Vermont

Mormon church opposes plan for futuristic, green communities

  • Architectural engineer Ben Jensen displays plans for modular residential structure Friday, Aug. 19, 2016, in Provo, Utah. David Hall, a wealthy Mormon businessman has an ambitious plan to buy a Provo neighborhood and create a community of tiny, environmentally sustainable dwellings based on the teachings of church founder Joseph Smith. (AP Photo/Rick Bowmer)

    Architectural engineer Ben Jensen displays plans for modular residential structure Friday, Aug. 19, 2016, in Provo, Utah. David Hall, a wealthy Mormon businessman has an ambitious plan to buy a Provo neighborhood and create a community of tiny, environmentally sustainable dwellings based on the teachings of church founder Joseph Smith. (AP Photo/Rick Bowmer)  (The Associated Press)

  • David Hall looks on during tour of a business Friday, Aug. 19, 2016, in Provo, Utah. Hall, a wealthy Mormon businessman has an ambitious plan to create communities in Utah and Vermont of tiny, environmentally sustainable dwellings based on the teachings of church founder Joseph Smith. (AP Photo/Rick Bowmer)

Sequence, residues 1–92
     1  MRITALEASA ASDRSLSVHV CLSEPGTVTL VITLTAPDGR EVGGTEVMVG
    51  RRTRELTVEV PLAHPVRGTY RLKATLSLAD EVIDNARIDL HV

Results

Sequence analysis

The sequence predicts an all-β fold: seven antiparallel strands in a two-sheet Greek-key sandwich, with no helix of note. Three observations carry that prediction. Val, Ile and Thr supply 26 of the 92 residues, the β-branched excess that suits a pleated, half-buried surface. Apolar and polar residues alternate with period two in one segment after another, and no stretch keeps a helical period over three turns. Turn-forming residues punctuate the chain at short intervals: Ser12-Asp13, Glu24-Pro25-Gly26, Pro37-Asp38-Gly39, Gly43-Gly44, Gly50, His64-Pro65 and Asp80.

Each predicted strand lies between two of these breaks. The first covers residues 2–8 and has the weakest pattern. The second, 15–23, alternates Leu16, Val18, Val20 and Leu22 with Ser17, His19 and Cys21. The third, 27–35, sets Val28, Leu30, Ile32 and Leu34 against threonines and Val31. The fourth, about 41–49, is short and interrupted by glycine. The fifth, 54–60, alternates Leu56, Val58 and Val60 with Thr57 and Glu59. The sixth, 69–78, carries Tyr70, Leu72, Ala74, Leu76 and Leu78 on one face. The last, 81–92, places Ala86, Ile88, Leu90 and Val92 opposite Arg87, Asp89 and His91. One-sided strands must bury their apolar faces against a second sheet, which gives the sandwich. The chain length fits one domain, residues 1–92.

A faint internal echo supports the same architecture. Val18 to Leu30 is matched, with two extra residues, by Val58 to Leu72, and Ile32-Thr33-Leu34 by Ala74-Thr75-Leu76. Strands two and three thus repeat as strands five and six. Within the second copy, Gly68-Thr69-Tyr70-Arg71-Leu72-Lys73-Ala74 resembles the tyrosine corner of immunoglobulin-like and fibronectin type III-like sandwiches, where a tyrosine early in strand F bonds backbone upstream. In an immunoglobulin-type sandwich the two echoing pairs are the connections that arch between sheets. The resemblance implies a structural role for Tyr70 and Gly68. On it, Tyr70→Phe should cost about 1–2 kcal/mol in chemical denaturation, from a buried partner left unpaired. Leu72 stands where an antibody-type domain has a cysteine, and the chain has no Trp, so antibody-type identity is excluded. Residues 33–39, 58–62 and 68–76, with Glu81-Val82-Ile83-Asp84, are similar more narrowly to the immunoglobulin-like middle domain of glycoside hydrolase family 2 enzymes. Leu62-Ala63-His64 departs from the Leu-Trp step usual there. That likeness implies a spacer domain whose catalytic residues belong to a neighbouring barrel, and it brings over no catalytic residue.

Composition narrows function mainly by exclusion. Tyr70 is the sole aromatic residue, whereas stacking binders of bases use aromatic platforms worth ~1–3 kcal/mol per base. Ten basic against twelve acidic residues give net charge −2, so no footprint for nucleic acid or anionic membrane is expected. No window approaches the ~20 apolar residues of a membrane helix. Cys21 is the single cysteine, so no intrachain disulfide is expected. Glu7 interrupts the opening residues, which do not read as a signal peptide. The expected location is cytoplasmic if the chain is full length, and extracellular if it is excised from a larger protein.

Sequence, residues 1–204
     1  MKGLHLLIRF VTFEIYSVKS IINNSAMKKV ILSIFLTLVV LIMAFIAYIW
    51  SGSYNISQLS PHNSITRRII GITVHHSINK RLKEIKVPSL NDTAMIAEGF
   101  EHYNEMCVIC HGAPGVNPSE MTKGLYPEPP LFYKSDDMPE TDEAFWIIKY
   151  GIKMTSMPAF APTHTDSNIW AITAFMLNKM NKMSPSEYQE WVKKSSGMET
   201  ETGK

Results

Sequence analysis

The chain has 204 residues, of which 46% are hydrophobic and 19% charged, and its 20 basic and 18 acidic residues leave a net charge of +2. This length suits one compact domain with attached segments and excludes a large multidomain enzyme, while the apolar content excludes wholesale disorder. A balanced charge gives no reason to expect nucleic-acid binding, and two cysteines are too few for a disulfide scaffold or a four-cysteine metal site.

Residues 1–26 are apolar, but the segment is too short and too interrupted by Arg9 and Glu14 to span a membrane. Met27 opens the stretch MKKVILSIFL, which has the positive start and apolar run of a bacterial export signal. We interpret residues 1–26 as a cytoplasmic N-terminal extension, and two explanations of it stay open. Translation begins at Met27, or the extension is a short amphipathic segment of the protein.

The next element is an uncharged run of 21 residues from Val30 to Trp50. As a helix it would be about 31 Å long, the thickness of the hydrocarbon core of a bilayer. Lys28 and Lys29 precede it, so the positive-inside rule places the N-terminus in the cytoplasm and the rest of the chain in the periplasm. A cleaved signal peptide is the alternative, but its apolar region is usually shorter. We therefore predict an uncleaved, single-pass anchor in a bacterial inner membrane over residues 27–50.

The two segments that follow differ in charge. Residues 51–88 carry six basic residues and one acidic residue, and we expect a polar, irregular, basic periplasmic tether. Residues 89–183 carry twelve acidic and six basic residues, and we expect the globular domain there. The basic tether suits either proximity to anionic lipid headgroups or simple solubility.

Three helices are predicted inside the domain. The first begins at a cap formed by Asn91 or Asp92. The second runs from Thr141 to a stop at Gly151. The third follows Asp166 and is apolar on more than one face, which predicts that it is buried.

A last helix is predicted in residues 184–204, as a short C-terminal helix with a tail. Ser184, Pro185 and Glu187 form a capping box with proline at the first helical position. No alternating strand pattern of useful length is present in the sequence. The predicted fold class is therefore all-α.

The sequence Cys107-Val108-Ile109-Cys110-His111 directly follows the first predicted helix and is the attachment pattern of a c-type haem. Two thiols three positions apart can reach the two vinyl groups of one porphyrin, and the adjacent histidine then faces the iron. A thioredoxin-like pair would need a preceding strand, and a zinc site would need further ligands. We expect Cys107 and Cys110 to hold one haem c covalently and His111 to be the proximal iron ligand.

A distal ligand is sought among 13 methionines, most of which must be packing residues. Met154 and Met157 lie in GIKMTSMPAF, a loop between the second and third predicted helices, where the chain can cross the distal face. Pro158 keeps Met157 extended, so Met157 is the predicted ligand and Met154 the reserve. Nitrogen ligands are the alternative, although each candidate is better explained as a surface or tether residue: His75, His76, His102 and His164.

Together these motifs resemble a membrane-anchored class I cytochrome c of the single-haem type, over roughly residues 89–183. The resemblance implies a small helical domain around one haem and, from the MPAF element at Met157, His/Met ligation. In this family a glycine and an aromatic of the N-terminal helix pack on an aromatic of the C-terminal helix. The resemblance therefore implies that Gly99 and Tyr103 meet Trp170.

David Hall looks on during tour of a business Friday, Aug. 19, 2016, in Provo, Utah. Hall, a wealthy Mormon businessman has an ambitious plan to create communities in Utah and Vermont of tiny, environmentally sustainable dwellings based on the teachings of church founder Joseph Smith. (AP Photo/Rick Bowmer)  (The Associated Press)

The Mormon church says it doesn't support a wealthy Mormon businessman's push to build sustainable, futuristic communities near religious landmarks in Utah and Vermont inspired by founder Joseph Smith's plans from 1833.

Eric Hawkins, spokesman for The Church of Jesus Christ of Christ of Latter-day Saints, said in a statement this week that officials have concerns about the developments affecting existing neighborhoods and the longstanding relationships the religion has with those residents.

Developer David Hall is unfazed, saying he's not surprised by the opposition because he believes church leaders have never been forward-thinking.

Hall's plans are years away from reaching fruition in Utah and decades in Vermont.

But neighbors in both states already have expressed concerns about the communities drastically changing their areas.